License revoked for fatal injury

880 St. Nicholas Avenue. Image Credit: Google Maps.

General contractor with riggers license violated multiple Building Code provisions on construction job where worker fell from unpermitted scaffolding. Wayne Bellet contracted to perform brick façade work on a six-story building located at 880 St. Nicholas Avenue in Manhattan. Bellet commenced the brick façade work after his subcontractor constructed a 50-foot-tall supported scaffold and Bellet. On June 22, 2019, a worker fell off the supported scaffold at the location and died.

The accident prompted a Department of Buildings investigation, which led to charges that Bellet and the subcontractor endangered the public safety and welfare by their negligence, incompetence, and lack of knowledge and disregard of relevant laws and the Building Code. Buildings charged that Bellet performed the façade work at 880 St. Nicholas Avenue without a permit, allowed workers to work without the required training, used a scaffold that did not have guardrails and toe boards, and failed to inspect the scaffold prior to use. As a remedy Buildings sought to revoke Bellet’s special rigger’s license.

OATH Administrative Law Judge Noel R. Garcia, following a hearing, sustained the charges and recommended that Bellet’s special rigger’s licenses be revoked.

Bellet filed an article 78 petition challenging the revocation of his special rigger’s license. Bellet argued that Buildings had exceeded its authority in revoking his special rigger’s license because all of the charges were related to his work as a general contractor at 880 St. Nicolas Avenue, not as a rigger.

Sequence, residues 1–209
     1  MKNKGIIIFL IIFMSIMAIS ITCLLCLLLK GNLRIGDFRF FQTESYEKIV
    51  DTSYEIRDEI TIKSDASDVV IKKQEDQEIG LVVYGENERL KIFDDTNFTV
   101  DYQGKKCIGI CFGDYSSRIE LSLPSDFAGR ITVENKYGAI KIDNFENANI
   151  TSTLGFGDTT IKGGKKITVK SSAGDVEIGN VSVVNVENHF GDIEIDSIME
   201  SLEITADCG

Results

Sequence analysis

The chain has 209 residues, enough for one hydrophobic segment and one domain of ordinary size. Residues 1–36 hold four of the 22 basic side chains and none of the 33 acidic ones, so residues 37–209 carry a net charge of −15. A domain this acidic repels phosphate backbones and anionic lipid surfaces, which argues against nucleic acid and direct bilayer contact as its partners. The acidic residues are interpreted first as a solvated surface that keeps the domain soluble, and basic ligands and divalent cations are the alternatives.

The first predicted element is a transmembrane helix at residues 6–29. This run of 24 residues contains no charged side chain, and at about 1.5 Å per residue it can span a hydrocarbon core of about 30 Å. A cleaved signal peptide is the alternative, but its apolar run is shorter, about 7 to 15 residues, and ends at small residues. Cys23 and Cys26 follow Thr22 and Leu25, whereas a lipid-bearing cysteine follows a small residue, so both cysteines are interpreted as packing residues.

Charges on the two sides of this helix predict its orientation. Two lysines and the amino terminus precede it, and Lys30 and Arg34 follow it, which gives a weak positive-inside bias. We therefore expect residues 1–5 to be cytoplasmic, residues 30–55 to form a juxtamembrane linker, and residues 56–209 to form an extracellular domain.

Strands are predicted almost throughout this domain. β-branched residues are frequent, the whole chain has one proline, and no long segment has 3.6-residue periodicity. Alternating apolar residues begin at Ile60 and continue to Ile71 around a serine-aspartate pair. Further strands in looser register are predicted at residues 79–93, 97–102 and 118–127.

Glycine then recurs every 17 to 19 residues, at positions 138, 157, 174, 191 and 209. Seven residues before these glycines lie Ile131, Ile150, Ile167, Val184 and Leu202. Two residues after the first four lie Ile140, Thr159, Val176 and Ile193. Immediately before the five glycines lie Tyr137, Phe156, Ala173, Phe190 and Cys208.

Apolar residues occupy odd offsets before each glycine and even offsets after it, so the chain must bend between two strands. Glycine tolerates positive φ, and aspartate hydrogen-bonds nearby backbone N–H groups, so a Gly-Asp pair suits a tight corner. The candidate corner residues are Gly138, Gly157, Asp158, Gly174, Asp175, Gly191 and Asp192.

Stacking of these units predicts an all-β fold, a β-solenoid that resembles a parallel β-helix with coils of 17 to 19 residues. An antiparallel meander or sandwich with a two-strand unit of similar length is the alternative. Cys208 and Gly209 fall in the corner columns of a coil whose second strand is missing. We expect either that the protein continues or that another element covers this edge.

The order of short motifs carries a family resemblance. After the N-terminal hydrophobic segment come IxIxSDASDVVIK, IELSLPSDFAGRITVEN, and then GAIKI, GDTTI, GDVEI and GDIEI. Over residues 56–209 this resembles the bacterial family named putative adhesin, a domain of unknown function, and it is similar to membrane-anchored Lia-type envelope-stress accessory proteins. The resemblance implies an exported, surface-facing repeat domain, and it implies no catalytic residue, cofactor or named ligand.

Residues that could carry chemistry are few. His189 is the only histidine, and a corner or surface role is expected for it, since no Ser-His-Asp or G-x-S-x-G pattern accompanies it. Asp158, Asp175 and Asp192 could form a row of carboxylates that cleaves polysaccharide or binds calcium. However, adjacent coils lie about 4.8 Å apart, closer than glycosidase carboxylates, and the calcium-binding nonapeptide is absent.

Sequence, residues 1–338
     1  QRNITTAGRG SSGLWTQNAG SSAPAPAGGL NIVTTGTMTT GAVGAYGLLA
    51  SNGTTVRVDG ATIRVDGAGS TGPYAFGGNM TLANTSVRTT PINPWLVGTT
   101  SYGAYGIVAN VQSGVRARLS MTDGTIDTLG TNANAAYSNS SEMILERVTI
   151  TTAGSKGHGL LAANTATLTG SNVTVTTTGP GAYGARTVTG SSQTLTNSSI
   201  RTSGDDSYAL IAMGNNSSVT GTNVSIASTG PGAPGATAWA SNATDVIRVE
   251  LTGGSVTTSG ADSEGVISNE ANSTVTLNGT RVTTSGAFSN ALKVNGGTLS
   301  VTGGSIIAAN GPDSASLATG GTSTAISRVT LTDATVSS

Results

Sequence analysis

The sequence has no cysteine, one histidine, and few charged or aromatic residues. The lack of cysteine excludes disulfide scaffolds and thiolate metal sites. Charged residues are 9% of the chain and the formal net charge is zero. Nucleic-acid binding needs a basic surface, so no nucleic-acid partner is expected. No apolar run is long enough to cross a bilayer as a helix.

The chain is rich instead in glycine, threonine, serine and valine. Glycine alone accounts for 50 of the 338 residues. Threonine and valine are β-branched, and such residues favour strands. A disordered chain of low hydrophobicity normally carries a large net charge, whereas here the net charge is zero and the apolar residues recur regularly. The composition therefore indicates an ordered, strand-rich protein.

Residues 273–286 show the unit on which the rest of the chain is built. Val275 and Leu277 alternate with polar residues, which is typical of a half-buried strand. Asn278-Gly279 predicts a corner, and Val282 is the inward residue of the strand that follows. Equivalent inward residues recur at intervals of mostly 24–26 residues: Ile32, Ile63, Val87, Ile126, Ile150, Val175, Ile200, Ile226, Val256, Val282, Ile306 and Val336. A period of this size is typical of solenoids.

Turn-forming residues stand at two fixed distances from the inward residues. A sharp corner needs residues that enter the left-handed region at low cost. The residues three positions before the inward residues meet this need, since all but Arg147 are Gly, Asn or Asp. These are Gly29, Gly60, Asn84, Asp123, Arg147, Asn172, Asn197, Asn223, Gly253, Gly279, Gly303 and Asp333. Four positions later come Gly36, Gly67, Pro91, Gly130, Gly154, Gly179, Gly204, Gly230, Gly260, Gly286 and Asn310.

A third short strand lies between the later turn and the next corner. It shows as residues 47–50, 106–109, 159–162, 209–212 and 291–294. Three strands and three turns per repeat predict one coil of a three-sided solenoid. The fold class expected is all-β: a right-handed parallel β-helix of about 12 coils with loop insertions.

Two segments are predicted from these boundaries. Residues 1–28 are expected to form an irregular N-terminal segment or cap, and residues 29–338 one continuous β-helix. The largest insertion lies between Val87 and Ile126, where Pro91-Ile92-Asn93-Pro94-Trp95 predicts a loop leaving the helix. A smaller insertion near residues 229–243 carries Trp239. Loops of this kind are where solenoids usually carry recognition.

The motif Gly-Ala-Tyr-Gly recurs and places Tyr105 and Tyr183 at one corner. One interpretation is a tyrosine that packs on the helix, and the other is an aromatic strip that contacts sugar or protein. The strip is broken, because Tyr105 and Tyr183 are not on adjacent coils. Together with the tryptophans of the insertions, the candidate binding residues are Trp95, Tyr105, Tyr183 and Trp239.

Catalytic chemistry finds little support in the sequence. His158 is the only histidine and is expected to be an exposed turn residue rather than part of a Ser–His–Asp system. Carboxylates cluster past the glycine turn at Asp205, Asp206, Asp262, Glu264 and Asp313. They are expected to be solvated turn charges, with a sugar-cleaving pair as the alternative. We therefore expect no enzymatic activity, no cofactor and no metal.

The Appellate Division, First Department, rejected Bellet’s argument and affirmed the revocation of his rigger’s license. The Appellate Division noted that the City’s Administrative Code authorizes revocation of such licenses on findings of negligence, incompetence and lack of knowledge, disregard of the Building Code or other acts that endanger public safety and welfare.

The court ruled that revocation of Bellet’s rigger’s license was a reasonable exercise of discretion. OATH found that the total square footage of brick replacement on the façade at 880 St. Nicolas Avenue required a permit; the support scaffolding was too tall to erect without a permit or design approval; the scaffold did not have toe boards or guardrails; the workers on the site did not have proper training; and the scaffold had not been inspected daily prior to use.

Bellet Construction Co. v. Larocca, 184 N.Y.S.3d 42 (1st Dep’t 2023); Dep’t of Buildings v. Bellet & Bhutta, OATH Index Nos. 0438/20 & 0439/20 (Nov. 9, 2020).

By: Ross Sandler, Professor and Director for the Center for New York City Law at New York Law School





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